It’s food truck season, but the industry is running on fumes due to COVID-19. With events canceled and a limited number of spaces available to serve hungry customers, it’s harder to find your favorite rolling restaurant. Online resources such as Twitter, Pittsburgh Food Trucks and Roaming Hunger can help you track a truck. And during the pandemic, third-party delivery services such as DoorDash, Grubhub and Uber Eats are giving a lift to eateries on wheels.

Hoshi

Photo courtesy of Hoshi.

Hoshi

Juan Gonzalez and Elizabeth Vater serve Japanese-style hibachi out of their two Hoshi vehicles. Regular stops range from Downtown office buildings to breweries as far away as Grove City, Pa.

Since the stay-at-home order went into effect in March, the couple’s truck has been idling outside of a commissary kitchen in Glenshaw and a few tried-and-true spots where devoted customers are keeping their engine purring.

“COVID-19 has brought the majority of our work to a halt and it has completely destroyed the 2020 food truck season, which normally begins March 1st and is full swing by April,” Vater says. “All of our big events that provide revenue for the year have been canceled altogether or postponed. The ones that have been postponed will play havoc with our schedule.”

Despite challenges, they continue to obtain fresh meat and seafood and serve their full menu, including filet mignon and scallops, their biggest sellers.

Mobile operations may have a slight advantage over brick-and-mortar restaurants, but Vater says spaces are hard to come by and fear is keeping people away.

Delivery is available through DoorDash, Grubhub and Uber Eats. Hoshi fans can also use Mobile Nom (@hoshi and @hoshitoo) to receive the latest updates.

Photo courtesy of Cilantro & Ajo.

Cilantro & Ajo

Husband-and-wife team Anthony Goncalves and Marlyn Parra opened Cilantro & Ajo on East Carson Street in the South Side in September 2018, followed soon after by a food truck.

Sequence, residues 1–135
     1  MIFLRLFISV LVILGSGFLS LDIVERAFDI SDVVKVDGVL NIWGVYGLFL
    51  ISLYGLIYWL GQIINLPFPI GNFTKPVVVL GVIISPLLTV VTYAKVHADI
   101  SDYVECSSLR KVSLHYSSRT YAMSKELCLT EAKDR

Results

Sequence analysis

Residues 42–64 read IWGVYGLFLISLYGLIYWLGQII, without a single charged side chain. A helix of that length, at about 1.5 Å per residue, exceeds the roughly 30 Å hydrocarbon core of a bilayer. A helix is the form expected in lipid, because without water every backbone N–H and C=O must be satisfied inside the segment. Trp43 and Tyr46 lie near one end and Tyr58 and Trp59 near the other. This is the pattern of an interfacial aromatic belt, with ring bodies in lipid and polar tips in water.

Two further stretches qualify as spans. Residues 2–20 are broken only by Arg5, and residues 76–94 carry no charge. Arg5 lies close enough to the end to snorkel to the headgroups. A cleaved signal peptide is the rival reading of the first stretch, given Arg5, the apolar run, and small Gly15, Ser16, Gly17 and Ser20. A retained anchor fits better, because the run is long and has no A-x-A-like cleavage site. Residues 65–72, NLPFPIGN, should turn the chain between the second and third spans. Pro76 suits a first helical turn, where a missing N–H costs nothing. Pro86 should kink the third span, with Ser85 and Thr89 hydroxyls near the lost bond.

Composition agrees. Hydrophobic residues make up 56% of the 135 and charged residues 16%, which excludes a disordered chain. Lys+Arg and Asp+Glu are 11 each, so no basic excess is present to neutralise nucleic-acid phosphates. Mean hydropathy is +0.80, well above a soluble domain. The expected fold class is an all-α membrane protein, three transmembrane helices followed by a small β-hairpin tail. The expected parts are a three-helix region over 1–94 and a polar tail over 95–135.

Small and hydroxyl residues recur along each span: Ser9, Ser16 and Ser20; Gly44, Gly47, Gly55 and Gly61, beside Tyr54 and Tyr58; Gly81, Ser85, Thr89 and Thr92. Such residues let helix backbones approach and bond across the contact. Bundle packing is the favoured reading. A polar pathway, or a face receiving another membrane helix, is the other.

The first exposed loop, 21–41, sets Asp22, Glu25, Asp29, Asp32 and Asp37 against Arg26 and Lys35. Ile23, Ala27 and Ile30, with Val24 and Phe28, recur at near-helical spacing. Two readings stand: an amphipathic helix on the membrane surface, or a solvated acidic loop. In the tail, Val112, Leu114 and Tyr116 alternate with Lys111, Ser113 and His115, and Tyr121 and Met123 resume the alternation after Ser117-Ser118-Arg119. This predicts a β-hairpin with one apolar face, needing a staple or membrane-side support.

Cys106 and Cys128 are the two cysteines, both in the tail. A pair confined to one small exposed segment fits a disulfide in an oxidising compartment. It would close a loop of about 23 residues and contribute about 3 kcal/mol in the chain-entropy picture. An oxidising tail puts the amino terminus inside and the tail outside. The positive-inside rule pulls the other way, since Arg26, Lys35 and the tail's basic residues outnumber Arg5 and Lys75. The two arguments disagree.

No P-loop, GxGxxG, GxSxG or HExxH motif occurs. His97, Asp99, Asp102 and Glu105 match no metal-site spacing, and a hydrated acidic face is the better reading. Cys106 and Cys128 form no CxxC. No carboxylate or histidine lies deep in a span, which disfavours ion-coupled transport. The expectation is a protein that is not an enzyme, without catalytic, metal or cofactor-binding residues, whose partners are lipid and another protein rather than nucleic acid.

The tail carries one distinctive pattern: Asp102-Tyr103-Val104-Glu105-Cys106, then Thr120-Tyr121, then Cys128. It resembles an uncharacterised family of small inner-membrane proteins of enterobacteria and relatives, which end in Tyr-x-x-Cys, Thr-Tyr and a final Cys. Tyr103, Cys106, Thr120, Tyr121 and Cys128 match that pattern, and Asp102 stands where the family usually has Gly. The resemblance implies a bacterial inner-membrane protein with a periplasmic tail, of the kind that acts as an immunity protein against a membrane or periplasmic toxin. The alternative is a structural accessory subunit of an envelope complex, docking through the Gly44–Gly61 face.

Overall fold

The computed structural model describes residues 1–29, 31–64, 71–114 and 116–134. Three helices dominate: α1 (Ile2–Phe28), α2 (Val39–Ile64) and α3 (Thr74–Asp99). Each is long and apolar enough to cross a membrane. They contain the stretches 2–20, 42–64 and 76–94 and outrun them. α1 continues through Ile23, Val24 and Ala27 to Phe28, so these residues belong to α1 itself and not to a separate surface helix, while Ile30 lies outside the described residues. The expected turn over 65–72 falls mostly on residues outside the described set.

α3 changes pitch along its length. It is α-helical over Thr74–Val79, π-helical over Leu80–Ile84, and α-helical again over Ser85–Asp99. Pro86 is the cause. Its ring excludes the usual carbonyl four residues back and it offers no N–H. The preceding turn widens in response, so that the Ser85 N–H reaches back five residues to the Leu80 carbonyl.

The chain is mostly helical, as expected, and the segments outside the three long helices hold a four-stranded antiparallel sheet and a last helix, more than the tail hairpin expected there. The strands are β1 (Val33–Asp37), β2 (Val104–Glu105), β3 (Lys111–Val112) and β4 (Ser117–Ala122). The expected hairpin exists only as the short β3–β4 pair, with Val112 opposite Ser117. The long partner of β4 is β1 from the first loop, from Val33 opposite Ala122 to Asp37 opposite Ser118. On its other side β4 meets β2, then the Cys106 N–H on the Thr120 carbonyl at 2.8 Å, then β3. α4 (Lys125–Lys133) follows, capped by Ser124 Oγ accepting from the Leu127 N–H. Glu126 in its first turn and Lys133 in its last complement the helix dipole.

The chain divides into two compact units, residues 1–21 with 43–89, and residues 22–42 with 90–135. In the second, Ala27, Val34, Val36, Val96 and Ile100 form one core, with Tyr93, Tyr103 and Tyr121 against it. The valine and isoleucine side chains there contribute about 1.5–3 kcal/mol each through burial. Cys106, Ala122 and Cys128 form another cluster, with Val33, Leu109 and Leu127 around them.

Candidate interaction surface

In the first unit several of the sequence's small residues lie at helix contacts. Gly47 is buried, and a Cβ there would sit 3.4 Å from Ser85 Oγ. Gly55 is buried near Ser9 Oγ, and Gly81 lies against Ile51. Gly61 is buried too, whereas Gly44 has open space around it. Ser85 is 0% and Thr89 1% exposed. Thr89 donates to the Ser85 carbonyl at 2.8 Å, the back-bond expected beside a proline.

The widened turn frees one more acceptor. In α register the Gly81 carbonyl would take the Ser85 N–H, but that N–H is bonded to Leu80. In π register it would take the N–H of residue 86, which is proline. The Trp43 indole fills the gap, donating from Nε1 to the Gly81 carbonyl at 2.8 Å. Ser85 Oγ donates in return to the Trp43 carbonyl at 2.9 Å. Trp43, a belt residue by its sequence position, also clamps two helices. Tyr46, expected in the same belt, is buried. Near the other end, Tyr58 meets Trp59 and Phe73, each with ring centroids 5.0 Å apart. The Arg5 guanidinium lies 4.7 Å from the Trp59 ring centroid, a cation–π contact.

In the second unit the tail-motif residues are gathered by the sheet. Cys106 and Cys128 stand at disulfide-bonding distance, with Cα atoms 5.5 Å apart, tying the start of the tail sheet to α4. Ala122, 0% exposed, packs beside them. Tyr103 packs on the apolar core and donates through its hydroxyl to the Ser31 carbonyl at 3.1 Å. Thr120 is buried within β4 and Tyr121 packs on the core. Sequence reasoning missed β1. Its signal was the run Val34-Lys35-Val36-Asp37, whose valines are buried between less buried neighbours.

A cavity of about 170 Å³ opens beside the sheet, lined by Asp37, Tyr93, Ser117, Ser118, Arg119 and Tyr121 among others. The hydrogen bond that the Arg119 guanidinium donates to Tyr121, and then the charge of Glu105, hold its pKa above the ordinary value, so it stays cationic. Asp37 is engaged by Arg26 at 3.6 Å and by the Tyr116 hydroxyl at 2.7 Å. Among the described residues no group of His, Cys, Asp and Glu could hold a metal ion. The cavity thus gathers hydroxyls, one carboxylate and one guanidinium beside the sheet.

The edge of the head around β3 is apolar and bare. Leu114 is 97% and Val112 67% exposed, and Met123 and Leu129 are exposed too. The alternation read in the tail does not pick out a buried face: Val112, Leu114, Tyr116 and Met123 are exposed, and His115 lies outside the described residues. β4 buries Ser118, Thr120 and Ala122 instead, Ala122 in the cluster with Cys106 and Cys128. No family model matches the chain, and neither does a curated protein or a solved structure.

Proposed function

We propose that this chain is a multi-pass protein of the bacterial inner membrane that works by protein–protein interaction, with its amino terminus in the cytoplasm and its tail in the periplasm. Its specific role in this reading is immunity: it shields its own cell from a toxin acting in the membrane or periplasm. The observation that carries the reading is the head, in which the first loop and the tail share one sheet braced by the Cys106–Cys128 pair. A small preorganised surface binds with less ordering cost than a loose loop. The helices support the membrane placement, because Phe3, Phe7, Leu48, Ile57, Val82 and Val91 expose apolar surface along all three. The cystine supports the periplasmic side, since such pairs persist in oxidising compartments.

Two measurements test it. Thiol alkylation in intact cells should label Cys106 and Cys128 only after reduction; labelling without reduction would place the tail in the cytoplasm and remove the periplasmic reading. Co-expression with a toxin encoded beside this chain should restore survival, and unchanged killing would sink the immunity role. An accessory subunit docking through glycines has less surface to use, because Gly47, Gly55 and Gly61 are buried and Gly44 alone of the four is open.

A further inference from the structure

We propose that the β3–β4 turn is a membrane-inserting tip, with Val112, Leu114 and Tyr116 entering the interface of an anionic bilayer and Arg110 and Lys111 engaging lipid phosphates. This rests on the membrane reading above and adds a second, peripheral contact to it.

With no dine-in customers to serve, sales are down by more than 50 percent. The couple thought about temporarily shutting down, but loyal customers hungry for Venezuelan takeout keep them going. Delivery is available through Uber Eats and DoorDash.

When their Payroll Protection Plan loan application didn’t go through, they had to cut their six-member staff to two. The food truck has made a few stops at area breweries, a far cry from last spring’s full schedule.

“Even in hard times, we can feel the love and support from our customers,” Parra says. “Our brick-and-mortar is keeping afloat with low sales, but the food truck has been highly affected by quarantine. Because festivals are canceled until further notice, our food truck is parked without gaining money most of the time.”

Vagabond Taco Truck

As if the COVID-19 crisis wasn’t enough to kill business, someone stole two generators from chef Michael Madigan’s Vagabond Taco Truck … on Cinco de Mayo.

A  nearby security camera recorded the crime, which happened in Washington County, and Madigan was able to get one piece of equipment back. As for business? It’s still MIA.

“No matter what your business model was — breweries, festivals, catering events — it’s all gone,” he says. “Even if you were diversified, it was an across-the-board annihilation.”

Madigan doesn’t use third-party delivery services, but he’s investigating the possibility of driving through neighborhoods and making stops along the way like an old-fashioned ice cream truck. In the meantime, he’ll be at Stick City Brewing Company in Mars on May 24 from noon to 6 p.m.

You can’t miss the truck. It’s a vehicular tribute to the AMC hit “Breaking Bad” and Madigan often serves food dressed in a hazmat suit and respirator, which is a fitting outfit for the times.

“Pittsburgh has a lot of grit and we’re used to adversity,” he says. “We’ll get through this.”